Influencing health policy: Experiences of health research champions


With the goal of increasing awareness of the Research Utilization Committee (RUC) members from the region on barriers and opportunities in translating research into policy and strategies to affect change on current policy environment of the regional consortia members, three health research champions were invited to share their experiences on influencing health policy through research. Attended by 75 RUC members, policy influencers and communication practitioners, the preconference session was held as part of the 12th Philippine National Health Research System (PNHRS) Week in Baguio City on 7 August 2018.

In the morning session, three notable speakers and Alberto G. Romualdez, Jr. Health Research Award (AROHRA) winners namely, Dr. Ronald Matias (St.Luke’s Medical Center), Dr. Carmencita Padilla (UP Manila) and Dr. Mario V. Capanzana (DOST-FNRI) shared their journey of translating their research into policy.

Dr. Ronald Matias, Senior Scientist, St. Luke’s Medical Center, Quezon City, discussed the St. Luke’s Dengue Research Program on dengue surveillance, assessment and emerging technologies. As there are already existing policies by the WHO and DOH, implementation of dengue prevention and control should be accompanied by timely and innovative researches which are integrated into policy. With the goal of reducing the incidence of the disease, Dr. Matias emphasizes that research and development efforts must be converted into public health solutions.

Dr. Carmencita Padilla, Chancellor, University of the Philippines, Manila (UPM) highlighted the history of the National Newborn Screening Program from being a UPM and DOST-funded research project in 1996 to being the Newborn Screening Law (R.A. 9288) in 2004 as it went through the arduous process of policy-making. Dr. Padilla shared some strategies that can influence public policy which included: a) working with a collaborative, multi-disciplinary and persistent study group, b) having a range of effective communication strategies that must reach the public, the professionals and the policymakers, c) generating data and developing it into peer-reviewed publications to be used as basis for policy, d) engaging stakeholders and building public-private partnerships to create a multi-environment for easier adaptation, and e) identifying champions for policy development who will sponsor or lobby the advocacy.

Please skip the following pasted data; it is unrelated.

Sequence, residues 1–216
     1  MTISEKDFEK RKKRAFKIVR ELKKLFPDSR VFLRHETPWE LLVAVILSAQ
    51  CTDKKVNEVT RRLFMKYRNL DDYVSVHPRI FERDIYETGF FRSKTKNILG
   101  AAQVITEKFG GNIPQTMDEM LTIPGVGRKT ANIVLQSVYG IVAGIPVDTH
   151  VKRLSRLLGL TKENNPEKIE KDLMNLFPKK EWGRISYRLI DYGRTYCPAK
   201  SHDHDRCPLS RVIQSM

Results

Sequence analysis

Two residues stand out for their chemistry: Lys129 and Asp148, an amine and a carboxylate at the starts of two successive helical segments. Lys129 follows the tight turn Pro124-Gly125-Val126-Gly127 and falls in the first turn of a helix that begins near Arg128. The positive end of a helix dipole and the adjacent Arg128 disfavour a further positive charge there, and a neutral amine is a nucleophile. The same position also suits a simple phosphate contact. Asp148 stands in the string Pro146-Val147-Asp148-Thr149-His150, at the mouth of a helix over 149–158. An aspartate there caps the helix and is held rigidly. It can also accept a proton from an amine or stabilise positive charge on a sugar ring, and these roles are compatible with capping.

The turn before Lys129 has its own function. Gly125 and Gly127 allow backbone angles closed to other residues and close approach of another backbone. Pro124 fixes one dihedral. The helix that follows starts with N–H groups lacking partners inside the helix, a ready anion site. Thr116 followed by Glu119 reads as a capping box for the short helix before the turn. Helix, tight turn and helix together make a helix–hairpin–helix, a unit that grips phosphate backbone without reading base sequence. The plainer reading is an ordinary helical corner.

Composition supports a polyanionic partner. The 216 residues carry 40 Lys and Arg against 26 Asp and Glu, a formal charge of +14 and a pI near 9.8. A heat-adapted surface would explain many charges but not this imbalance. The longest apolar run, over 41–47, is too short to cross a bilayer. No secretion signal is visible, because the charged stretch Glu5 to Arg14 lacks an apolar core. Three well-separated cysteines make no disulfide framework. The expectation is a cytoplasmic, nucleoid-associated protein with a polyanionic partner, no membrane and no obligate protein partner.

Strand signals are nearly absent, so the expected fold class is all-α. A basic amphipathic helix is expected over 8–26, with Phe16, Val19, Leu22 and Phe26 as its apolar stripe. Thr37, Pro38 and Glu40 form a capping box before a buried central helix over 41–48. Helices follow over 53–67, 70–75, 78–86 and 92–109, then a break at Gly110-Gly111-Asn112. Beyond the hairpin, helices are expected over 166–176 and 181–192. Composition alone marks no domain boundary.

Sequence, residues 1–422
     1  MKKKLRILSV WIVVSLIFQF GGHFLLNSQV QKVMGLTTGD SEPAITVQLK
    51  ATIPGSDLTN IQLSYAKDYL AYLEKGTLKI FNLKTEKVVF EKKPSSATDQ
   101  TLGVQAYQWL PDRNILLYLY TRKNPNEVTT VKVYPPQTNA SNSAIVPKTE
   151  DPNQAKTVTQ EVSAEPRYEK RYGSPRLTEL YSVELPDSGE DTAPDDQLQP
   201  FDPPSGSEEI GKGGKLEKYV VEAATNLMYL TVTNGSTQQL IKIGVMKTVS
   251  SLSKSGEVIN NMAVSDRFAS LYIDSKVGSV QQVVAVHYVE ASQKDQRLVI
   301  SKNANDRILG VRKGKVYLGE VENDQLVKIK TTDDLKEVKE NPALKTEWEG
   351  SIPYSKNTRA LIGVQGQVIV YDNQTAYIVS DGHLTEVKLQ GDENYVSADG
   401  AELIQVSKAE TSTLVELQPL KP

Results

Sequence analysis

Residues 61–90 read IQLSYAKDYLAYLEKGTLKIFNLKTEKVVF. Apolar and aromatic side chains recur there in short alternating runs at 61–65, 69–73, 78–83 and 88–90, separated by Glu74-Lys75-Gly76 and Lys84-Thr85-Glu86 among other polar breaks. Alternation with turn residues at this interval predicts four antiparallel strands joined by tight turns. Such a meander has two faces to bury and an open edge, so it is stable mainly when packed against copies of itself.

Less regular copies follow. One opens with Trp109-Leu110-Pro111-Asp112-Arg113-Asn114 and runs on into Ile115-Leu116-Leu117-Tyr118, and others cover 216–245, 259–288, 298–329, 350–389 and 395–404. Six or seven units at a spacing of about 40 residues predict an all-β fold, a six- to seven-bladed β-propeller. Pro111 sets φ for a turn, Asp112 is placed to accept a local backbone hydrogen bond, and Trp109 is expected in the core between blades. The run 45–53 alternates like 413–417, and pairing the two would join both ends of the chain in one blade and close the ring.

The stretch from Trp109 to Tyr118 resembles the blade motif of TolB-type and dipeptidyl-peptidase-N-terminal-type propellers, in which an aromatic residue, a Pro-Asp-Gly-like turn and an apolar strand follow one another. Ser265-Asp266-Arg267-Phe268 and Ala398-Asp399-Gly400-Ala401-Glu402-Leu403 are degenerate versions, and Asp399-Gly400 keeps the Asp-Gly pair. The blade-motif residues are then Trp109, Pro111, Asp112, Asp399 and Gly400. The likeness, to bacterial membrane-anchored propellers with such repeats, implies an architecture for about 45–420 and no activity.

Dr. Mario V. Capanzana, Director, Food and Nutrition Research Institute (DOST-FNRI) talked about undernutrition and its consequences not only at the individual but also at the national level. According to Dr. Capanzana, malnutrition, in its many forms, causes the country to lose around 1.5% of its GDP and also increase health costs. Research conducted by the FNRI has prompted the creation of the policy on Food Fortification as a way to mitigate micronutrient deficiency, a facet of malnutrition. Refinement of food fortification technology and studies on the efficacy of Iron-fortified Rice had been instrumental in technology transfer and commercialization of Iron-Fortified Rice as a Scaling-up strategy to also achieve food security.

In the afternoon session, a workshop was held for the participating members of the Regional Consortia for Health Research and Development. Each region was tasked to present a Research to Policy Plan involving one current or prospective research project using a template derived from the discussions in the morning session